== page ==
Buy a high-quality light. And then buy a backup light.
You may think all of these lights are overkill. But once my main rechargeable light and my backup belt light both died in the middle of a felony stop, and I finished it with my penlight. Honest.
Carry your flashlight in your off-hand, not your gun hand. If it hits the fan, you don’t want to have to pass your flashlight to your off-hand so you can draw your gun.
When making a traffic stop at night, approach from the passenger side, after walking behind your patrol car to get there. You’ll see the driver looking in his outside rear-view mirror for you, until you tap on the passenger window. Then, you’ll see him jump from being startled.
Approach from around the rear of your beat car to prevent this.
Except sometimes you’ll see the gun in his hand as he waits for you. I did.
Point Your Gun
When in doubt, point your gun at people if you think they might try to kill you or somebody else. There’s no law saying they have to shoot first or that you can only draw from your holster after the threat shows itself.
If that little voice inside your head says, “Hey, stupid, you’d better be ready to rock any second,” then get ready to rock. Any second.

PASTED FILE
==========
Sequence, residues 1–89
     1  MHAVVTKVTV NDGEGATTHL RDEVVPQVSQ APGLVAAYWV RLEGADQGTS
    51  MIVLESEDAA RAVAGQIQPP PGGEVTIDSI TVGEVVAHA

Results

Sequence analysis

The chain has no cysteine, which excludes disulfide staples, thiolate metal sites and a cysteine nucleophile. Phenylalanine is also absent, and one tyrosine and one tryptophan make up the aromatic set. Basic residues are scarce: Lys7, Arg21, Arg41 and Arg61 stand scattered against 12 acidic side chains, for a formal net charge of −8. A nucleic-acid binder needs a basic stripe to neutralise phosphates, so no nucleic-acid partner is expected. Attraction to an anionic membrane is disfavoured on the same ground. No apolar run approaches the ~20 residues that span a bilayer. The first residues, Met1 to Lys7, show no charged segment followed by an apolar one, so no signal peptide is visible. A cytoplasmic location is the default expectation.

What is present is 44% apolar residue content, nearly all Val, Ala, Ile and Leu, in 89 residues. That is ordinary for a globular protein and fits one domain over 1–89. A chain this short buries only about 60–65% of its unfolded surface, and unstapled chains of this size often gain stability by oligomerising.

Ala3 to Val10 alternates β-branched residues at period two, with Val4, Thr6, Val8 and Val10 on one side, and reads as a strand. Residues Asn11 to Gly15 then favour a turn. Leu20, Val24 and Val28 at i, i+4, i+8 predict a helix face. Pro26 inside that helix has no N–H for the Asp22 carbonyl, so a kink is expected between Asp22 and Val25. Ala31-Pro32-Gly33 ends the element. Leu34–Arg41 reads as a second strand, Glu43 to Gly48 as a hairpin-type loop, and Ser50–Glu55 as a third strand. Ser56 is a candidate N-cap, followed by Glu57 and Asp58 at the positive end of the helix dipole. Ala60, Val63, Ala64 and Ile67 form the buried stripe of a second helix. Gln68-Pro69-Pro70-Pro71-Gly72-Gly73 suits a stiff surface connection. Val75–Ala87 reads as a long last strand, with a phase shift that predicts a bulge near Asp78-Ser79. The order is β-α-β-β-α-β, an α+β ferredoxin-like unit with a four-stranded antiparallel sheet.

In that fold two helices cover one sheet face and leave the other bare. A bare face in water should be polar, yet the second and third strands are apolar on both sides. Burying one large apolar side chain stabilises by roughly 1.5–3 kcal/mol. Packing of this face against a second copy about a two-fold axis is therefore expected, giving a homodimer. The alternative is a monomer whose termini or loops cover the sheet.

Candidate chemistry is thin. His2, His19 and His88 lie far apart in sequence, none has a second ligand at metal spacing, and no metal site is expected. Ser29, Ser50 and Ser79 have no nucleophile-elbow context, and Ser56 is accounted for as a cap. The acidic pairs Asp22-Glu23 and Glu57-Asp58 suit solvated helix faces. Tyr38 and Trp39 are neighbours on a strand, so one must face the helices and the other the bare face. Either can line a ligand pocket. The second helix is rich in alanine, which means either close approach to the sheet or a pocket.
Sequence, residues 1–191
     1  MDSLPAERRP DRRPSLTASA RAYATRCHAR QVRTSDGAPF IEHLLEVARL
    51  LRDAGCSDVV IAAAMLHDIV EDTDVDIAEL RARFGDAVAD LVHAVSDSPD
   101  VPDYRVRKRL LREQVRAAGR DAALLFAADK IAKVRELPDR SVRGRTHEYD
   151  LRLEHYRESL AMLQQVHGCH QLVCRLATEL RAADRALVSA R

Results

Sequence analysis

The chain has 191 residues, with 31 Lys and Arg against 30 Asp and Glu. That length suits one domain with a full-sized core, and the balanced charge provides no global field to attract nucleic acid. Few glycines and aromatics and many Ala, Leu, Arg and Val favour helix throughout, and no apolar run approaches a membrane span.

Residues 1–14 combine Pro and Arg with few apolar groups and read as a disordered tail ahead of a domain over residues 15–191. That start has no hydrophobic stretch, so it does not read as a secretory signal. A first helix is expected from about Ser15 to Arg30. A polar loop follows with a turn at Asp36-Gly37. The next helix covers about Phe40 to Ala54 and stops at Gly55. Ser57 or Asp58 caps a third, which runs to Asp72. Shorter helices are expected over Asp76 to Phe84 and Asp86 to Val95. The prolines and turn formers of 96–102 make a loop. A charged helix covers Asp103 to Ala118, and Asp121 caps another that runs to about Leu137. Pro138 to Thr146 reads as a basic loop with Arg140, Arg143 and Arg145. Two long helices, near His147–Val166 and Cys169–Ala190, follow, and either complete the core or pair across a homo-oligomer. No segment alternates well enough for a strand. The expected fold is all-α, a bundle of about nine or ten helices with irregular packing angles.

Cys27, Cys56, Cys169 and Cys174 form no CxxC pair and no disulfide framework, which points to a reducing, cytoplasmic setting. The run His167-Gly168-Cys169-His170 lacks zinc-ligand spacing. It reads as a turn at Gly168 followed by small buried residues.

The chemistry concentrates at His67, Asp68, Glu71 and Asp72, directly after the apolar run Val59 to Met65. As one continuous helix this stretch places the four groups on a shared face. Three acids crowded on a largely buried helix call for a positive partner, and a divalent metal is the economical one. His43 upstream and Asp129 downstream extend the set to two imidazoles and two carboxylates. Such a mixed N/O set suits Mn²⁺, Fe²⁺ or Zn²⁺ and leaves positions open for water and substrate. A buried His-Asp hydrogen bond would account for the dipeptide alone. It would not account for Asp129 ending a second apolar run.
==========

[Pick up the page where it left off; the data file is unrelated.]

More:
Sometimes that little voice is dead wrong. But you can always say you’re sorry, and a surprising number of people are awfully nice about it once you explain what happened and why.
When a cop says something like, “I worked the streets for 10 years and never pulled my gun out of the holster,” he’s either lying or too stupid for words. Don’t listen to him either way.
People will try to stab you with anything at hand, especially in the kitchen. And they are often very calm and cooperative just prior to stabbing you. They may even be smiling.
Pencils, screwdrivers, scissors, and any long, skinny thing can kill you. Remember, “watch their hands.”
Always, always, always use good sense. If something feels wrong, simply believe it’s wrong until you know for sure it’s not. And even then, you’re probably wrong not to listen to that first inner warning.
Just because the warrant or criminal history computer system is down doesn’t mean you can’t figure out if the turd you’ve stopped is a crook. Use your wits first. Use the computer last.